3 July 2024

Labour isn’t taking foreign policy seriously


If Labour wins this Thursday, the implications for the UK’s foreign policy and security could be profound. The following week, Keir Starmer will fly to the Nato summit in Washington DC, marking his first significant moment on the world stage as the UK’s Prime Minister.

Despite this, election debates on the UK’s foreign policy and security under a Starmer government have lacked substance. 

David Lammy, the likely new UK Foreign Secretary, has outlined a concept that he calls ‘progressive realism’ that will profoundly shape this country’s foreign and security policy for at least the next five years. 

Lammy’s approach combines typical progressive causes, such as a commitment to net zero, deeper integration with supranational institutions and prioritising development for the Global South, with a harder-headed ‘realist’ view of the UK’s national interests. 

It is tough to reconcile the two. Progressives seek to idealistically transform the world and bend the arc of history in a moral direction. On the other hand, realists are more prudent with the view that moral missions can often be dangerous and over-extend an already stretched UK. 

In applying his progressive realism, Lammy will operate in a very different international system from the last Labour government. More importantly, European security and the EU, which he has campaigned so hard to rejoin, now look very different indeed, with Russia’s war in Ukraine altering the balance of power in Europe in several ways.

First, the EU’s security and defence cooperation remains fragmented. For all the talk on shared interests, its powerful states, like France and Germany, will act as their national interests dictate, which slows down EU responses to international crises. For example, Germany, heavily reliant on Russian energy, dragged its feet on sanctions on Putin’s regime.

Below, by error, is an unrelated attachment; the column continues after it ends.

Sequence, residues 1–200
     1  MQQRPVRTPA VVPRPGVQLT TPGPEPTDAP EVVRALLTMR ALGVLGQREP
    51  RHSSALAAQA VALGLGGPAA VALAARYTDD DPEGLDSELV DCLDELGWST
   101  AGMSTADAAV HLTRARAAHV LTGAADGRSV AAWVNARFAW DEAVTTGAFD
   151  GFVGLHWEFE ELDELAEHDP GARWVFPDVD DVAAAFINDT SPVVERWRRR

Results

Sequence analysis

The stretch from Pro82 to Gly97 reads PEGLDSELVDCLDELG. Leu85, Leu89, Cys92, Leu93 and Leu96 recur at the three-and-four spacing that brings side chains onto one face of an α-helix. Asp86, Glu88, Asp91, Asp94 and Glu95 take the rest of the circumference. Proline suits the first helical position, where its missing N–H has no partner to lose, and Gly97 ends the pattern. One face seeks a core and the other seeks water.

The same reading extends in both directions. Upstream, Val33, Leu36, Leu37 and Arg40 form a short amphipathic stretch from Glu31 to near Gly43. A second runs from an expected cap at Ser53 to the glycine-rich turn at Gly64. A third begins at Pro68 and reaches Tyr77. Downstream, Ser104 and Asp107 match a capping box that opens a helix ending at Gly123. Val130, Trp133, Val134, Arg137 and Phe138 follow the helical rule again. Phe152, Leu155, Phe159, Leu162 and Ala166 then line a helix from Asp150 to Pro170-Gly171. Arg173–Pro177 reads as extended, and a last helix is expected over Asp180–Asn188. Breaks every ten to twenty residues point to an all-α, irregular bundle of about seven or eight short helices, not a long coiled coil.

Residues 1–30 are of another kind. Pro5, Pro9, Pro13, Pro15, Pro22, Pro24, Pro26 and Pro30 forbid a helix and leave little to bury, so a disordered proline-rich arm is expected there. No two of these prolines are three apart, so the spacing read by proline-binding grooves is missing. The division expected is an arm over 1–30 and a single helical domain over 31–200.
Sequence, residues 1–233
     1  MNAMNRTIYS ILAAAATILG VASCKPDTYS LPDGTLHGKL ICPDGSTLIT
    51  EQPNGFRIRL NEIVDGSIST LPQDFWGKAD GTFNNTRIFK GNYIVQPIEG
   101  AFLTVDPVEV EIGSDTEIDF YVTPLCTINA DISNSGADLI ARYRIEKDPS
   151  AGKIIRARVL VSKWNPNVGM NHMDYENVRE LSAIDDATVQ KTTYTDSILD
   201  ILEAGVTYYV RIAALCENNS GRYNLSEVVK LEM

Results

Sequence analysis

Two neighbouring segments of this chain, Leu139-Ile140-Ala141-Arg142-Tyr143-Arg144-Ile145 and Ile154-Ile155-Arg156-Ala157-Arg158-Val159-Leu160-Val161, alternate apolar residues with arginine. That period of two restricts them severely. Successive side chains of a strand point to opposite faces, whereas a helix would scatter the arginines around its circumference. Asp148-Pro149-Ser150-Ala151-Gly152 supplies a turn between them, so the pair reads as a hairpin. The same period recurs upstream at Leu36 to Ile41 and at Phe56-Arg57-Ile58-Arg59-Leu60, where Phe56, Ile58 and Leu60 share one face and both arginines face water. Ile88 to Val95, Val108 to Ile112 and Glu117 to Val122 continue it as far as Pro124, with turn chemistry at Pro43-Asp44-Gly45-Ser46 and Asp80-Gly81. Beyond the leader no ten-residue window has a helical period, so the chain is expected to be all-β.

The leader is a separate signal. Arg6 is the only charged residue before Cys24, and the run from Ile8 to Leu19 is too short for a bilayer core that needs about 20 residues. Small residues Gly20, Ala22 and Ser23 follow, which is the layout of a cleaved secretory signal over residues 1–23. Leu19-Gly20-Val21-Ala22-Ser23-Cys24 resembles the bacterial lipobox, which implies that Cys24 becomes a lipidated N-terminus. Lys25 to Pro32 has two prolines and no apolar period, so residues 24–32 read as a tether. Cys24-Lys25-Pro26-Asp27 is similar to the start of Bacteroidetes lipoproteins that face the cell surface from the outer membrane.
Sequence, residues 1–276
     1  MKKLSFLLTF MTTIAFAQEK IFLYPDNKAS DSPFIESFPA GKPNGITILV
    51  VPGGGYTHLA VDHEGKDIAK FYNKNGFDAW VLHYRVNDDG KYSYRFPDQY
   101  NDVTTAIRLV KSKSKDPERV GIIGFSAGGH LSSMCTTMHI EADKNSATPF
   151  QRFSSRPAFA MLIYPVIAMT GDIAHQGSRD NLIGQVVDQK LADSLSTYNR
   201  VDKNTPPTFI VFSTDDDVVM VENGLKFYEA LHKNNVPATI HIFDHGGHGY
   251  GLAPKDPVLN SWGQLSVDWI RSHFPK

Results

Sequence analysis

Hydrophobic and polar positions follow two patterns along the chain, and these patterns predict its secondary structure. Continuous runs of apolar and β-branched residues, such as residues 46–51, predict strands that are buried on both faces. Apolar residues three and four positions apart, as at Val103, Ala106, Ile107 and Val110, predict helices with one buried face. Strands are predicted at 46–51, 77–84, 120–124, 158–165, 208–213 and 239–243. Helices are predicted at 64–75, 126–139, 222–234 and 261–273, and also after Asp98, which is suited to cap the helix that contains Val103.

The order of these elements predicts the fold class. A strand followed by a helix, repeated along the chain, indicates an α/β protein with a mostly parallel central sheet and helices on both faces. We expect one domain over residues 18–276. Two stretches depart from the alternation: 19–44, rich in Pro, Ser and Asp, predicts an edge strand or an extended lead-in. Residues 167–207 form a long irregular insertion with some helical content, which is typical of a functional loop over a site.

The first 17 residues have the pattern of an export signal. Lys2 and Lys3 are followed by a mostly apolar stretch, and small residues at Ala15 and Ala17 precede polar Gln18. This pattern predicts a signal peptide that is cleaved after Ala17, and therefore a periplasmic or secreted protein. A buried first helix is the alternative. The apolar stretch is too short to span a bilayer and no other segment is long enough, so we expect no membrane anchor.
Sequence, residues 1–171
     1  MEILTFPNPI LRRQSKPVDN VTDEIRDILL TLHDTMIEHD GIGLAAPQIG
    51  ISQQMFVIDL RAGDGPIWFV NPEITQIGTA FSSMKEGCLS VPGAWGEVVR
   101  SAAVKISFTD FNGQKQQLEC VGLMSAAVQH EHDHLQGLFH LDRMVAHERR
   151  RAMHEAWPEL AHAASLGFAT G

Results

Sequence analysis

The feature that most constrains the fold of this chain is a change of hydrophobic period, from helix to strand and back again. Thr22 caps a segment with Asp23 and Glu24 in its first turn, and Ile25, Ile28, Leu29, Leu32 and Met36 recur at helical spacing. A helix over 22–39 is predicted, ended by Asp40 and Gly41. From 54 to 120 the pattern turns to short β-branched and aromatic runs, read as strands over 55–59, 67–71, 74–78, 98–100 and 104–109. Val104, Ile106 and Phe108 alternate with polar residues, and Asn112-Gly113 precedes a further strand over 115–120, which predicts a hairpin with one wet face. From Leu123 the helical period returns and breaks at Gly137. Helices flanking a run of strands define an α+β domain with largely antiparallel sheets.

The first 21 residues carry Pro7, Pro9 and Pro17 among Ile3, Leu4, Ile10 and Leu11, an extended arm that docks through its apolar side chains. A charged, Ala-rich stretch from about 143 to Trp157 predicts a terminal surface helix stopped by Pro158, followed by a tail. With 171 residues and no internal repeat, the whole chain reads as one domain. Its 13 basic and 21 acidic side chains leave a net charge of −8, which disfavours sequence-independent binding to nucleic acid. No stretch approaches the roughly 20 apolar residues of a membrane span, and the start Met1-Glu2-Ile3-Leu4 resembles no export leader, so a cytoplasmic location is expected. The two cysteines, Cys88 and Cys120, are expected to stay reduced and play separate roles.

Second, the war in Ukraine has shifted the centre of European strategic gravity further eastwards. Poland is fast becoming the preeminent European land power, with hundreds of new and highly effective tanks and other military kit.

Third, compounding the EU’s weakness is the disastrous double whammy of Germany’s demographic decline and net zero gamble. Germany, the natural hegemon of the EU, remains slow and lumbering, and where Germany goes, the EU also goes. It remains a ‘realist’ fact that any advanced industrialised economy requires energy. With the cut-off of Russian energy to Germany, its renewables simply cannot meet German industry’s demands. Germany’s ludicrous net zero situation now sees it reopening its super-dirty lignite coal mines to keep the lights on. 

However, the changing nature of American foreign policy is most important to the UK. Following last week’s presidential debates, it looks increasingly likely that Donald Trump will be the next American president. This means that Americans will wish to see a much more significant investment by Europeans in their security and Nato. One thing is obvious – Trump hates the feeling that America is getting a bad deal. Historically, prosperous European democracies have outsourced their security to American taxpayers through Nato. This will change, and Europe will likely enter a more American-lite security order. 

This presents opportunities for the UK. The EU is sclerotic, and the rise of populism across the continent means deeper cooperation will become even harder. As the UK’s fast response to the Ukraine crisis showed, we remain one of Europe’s leading military powers and enjoy close relationships with the emergent axis of East European and Scandinavian powers along Russia’s flank. We should further capitalise on this post-Brexit nimbleness and lean into these security relationships, as they boost our diplomacy and leverage in other areas, including trade. 

Beyond the progressive rhetoric, the UK’s national interests remain the pacification of any peer competitor that might emerge in European geopolitics, the containment of interstate threats, and the strategic necessity of maintaining the Nato relationship. As Dr Radomir Tylecote and Alexander Baker have argued in CapX, any development of the EU as a defence actor poses a risk to Nato’s primacy in Euro-Atlantic defence. 

In what will likely be a new progressive realist foreign and defence policy, there is a genuine danger that a new government will double-down on much of the progressive moralism now doing significant damage across Europe, and just as the EU becomes even more cumbersome. One hopes Mr Lammy takes his realism more seriously and dials back on the progressive causes in a new world of great power competition. 

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Professor Doug Stokes is Senior Adviser at the Legatum Institute and Professor of International Security and Strategy at the University of Exeter.

Columns are the author's own opinion and do not necessarily reflect the views of CapX.